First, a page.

With the proxy voting season coming to an end, I wanted to share with you some of the key trends and developments that we have seen over the 2016 season.
Most interestingly, there has been an increase in active and discerning voting from shareholders on a range of environmental, social and governance (ESG) issues, from remuneration through to corporate strategy and environmental practices, no doubt a result of an overall increase in the prevalence of stewardship codes.
In addition, criticism of large institutional investors who vote by policy, or who have a default policy to vote with management, is on the rise.
At Newton, we take our stewardship responsibilities to our clients very seriously, supporting, or withholding support from, management according to what we believe is in the best interests of our clients.
In the 2016 season to date, we voted most often against board structures and remuneration policies. Unsurprisingly, given the nature of its corporate governance, North America topped our ‘votes against’ league, with 79.4% of votes cast against management on one or more resolutions. Europe and Asia saw 50.8% and 47.1% of votes against management respectively. The UK’s figure, a much lower 17.3%, reflects a stronger stewardship relationship between companies and shareholders.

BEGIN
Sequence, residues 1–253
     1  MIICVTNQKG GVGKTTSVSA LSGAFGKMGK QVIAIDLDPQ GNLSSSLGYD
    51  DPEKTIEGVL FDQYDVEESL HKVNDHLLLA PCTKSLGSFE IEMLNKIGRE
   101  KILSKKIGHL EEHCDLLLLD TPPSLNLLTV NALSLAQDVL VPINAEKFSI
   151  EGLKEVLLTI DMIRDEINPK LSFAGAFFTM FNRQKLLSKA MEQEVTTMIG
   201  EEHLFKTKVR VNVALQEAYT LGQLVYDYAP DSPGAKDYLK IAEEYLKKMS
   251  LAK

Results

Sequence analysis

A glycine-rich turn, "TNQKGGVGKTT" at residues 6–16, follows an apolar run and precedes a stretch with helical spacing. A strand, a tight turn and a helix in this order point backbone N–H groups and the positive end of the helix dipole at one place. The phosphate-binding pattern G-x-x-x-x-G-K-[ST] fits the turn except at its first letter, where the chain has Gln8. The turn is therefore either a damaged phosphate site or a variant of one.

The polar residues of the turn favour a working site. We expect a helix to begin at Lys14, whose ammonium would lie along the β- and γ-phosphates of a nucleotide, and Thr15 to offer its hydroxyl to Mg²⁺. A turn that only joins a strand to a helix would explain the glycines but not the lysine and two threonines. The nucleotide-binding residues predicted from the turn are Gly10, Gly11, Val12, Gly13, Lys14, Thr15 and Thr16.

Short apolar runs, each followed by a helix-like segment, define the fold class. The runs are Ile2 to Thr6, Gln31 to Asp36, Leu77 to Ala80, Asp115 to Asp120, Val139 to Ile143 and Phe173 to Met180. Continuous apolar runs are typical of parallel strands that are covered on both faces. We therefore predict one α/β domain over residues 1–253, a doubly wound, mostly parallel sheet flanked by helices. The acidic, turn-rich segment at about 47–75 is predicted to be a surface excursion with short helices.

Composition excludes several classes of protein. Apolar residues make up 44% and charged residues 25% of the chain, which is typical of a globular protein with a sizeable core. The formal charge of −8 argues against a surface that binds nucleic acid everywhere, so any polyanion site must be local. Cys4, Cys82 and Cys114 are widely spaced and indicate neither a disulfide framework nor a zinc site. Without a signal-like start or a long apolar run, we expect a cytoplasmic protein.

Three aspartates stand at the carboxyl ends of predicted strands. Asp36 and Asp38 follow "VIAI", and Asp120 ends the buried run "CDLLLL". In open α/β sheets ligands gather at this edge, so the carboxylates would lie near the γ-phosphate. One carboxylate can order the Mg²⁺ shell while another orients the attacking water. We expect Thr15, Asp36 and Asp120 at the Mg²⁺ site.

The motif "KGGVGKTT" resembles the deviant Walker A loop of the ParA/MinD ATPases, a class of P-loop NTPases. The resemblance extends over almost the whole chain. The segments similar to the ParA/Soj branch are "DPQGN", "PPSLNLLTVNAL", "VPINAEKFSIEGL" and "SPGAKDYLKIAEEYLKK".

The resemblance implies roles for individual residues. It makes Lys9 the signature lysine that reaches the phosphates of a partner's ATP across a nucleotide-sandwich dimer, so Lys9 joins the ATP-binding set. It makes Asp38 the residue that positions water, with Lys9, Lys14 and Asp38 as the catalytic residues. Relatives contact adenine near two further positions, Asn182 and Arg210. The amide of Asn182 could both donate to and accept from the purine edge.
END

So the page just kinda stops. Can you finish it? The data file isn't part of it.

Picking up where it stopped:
For more information about our voting practices over the first half of this year, you can visit the Responsible investment area on our website.
Australia and New Zealand
- Dissatisfaction with remuneration reports
- Decline in transparency of incentives and targets
In trying to incentivise key employees in a difficult environment, remuneration committees are resorting to putting more weight behind non-financial performance targets. The reduced transparency of such arrangements has led to increased shareholder dissatisfaction: in 2016, ‘strikes’ (defined as a vote of 25% or more against a resolution) on remuneration reports rose from 5.1% to 6.4% year-on-year, with market underperformers the greatest targets. If a remuneration report receives a strike for two years in a row, it triggers a further vote requiring all directors to face re-election. While this ‘two-strikes’ rule may not bring executive pay under control, it forces remuneration committees to explain their performance targets.
- Corporate reform of outsider board representation
- Stubborn lack of diversity on boards
As part of President Abe’s ‘third arrow’ of Abenomics (a series of large-scale structural reforms covering a range of factors from immigration to gender equality), corporate governance reforms have led to an increase in the number of outside directors being appointed to company boards, and have been a catalyst for improved disclosures and corporate governance discussions. Companies with at least one outsider rose to 97.2% in 2016, and over 75% of companies now have at least two outsiders on their boards.